This story is part of , CNET’s full coverage of the 2020 elections.
Facebook said Thursday that it’s removing ads from President Donald Trump’s reelection campaign that could create confusion about the 2020 US Census.
The ads directs supporters to take a survey the campaign calls the “Official 2020 Congressional District Census.” Facebook’s decision comes after critics, including House Speaker Nancy Pelosi, slammed Facebook for not removing the ads because people might mistaken the campaign’s survey with the official US Census. Trump and Vice President Mike Pence ran the ads on their Facebook pages a week before people can start answering US Census questions.
The move shows how Facebook can still take action against political speech even if it doesn’t send posts from politicians to fact checkers. The company has pushed back against allegations it censors conservative speech, but it has also stayed away from being the “arbiter of truth.” In December, the company said that it would ban misleading posts and ads that aim to prevent people from participating in the. Those rules also apply to politicians.
The census, which takes place every 10 years, helps determine which states and communities get billions of dollars in federal funding and the number of seats each state gets in Congress. Misinformation about the census is already floating around and the US Census Bureau had asked Facebook, Google and Twitter to help fend off “fake news.”
“There are policies in place to prevent confusion around the official U.S. Census and this is an example of those being enforced,” a Facebook spokesman said in a statement about the removal of the Trump campaign ads.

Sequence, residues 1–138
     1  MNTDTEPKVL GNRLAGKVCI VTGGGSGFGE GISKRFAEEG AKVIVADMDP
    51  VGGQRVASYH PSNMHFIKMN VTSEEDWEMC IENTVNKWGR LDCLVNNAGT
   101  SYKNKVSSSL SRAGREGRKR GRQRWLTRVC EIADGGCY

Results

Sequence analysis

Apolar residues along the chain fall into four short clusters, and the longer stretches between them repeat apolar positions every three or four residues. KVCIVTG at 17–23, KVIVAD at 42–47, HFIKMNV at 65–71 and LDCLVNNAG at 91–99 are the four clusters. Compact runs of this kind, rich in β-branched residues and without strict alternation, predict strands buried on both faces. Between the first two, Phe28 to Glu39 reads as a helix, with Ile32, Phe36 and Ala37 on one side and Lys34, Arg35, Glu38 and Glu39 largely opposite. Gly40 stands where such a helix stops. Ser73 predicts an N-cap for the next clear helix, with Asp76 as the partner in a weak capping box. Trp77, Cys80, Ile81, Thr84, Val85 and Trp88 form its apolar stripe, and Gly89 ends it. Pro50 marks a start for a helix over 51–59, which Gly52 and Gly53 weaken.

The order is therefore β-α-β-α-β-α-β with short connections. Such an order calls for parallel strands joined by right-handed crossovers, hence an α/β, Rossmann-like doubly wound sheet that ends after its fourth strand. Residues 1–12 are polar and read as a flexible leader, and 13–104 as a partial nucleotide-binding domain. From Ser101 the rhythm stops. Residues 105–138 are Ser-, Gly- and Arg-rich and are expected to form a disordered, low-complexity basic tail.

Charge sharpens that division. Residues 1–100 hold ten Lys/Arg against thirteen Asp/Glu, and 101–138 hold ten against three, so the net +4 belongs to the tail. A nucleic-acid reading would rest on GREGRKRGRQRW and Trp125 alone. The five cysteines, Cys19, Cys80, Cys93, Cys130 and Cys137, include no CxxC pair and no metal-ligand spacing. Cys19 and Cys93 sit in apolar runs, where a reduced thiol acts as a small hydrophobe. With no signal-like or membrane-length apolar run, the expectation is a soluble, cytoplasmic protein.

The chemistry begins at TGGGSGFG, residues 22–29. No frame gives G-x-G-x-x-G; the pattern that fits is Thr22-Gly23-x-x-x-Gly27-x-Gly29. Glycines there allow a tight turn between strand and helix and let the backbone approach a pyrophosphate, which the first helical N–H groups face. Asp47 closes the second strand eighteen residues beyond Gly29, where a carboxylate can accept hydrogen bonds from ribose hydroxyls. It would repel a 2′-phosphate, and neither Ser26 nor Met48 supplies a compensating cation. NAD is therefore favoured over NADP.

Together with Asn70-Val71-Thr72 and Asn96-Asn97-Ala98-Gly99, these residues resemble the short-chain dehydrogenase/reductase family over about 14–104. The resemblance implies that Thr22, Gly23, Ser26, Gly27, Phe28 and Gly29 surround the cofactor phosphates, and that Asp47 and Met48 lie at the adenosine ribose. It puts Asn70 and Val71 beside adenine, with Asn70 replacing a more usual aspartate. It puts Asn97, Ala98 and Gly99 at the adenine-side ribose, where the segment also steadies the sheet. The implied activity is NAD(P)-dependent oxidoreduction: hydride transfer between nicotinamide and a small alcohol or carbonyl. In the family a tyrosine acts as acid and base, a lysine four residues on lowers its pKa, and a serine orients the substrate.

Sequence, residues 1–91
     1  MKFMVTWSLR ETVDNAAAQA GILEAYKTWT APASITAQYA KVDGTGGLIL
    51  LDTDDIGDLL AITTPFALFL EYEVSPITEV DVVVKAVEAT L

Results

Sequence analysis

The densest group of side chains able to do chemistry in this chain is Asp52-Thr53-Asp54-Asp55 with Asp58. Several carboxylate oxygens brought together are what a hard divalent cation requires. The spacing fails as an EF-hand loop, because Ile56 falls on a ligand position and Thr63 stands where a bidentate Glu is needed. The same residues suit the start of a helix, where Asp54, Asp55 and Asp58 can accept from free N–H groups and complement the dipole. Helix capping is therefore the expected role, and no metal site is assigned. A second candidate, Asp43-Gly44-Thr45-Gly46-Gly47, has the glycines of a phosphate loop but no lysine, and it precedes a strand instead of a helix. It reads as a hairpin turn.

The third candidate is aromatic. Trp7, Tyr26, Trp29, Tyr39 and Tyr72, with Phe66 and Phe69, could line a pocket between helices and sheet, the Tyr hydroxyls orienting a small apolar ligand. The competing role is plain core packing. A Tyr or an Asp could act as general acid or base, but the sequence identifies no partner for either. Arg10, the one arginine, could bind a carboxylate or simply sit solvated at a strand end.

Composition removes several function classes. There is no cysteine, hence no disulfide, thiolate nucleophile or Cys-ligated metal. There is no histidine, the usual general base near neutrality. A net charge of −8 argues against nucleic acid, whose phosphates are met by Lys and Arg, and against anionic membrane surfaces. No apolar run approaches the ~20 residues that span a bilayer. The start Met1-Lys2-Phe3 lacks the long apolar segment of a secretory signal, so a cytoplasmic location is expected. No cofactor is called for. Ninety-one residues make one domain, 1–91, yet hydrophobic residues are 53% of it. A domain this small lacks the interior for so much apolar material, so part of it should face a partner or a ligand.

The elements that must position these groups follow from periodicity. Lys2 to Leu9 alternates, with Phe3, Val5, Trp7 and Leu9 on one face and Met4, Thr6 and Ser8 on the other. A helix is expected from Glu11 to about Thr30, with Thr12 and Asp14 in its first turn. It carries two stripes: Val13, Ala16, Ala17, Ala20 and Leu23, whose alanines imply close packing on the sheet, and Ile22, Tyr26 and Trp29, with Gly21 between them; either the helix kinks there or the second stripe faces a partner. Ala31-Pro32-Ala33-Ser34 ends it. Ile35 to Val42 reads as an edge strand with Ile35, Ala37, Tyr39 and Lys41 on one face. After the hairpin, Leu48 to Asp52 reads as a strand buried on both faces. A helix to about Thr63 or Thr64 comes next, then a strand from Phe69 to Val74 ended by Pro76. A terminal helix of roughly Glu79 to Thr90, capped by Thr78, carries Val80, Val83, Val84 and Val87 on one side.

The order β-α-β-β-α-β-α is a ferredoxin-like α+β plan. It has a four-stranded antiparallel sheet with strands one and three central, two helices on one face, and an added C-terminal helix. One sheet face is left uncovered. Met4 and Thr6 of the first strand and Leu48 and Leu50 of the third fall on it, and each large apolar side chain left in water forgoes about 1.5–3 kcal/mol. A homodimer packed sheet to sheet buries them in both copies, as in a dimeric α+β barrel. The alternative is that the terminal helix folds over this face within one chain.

Political newsletter Popular Information reported earlier on Thursday that Facebook initially said that thousands of Trump ads didn’t violate its policy that barred census interference because it included information about the campaign. Vanita Gupta, president of The Leadership Conference on Civil and Human Rights, a coalition of 200 civil rights groups that helped the company create the policy, disagreed with the decision. So did Pelosi who called Trump campaign’s survey “an absolute lie,” according to the Associated Press.The survey that the Trump campaign refers to as a “census” asks people about whether they will vote for Trump, their political party, age and other information.
By early Thursday afternoon, Facebook said it would take down the ads. Facebook’s public ads database show some of these ads are still up. A spokesman said they are in the process of removing them.
“While we’re gratified that Facebook shut down Trump’s attempt to sow confusion about how and when to participate in the 2020 Census, it’s disturbing that the ads weren’t immediately removed,” Gupta said in a statement.
Trump’s campaign didn’t respond to a request for comment.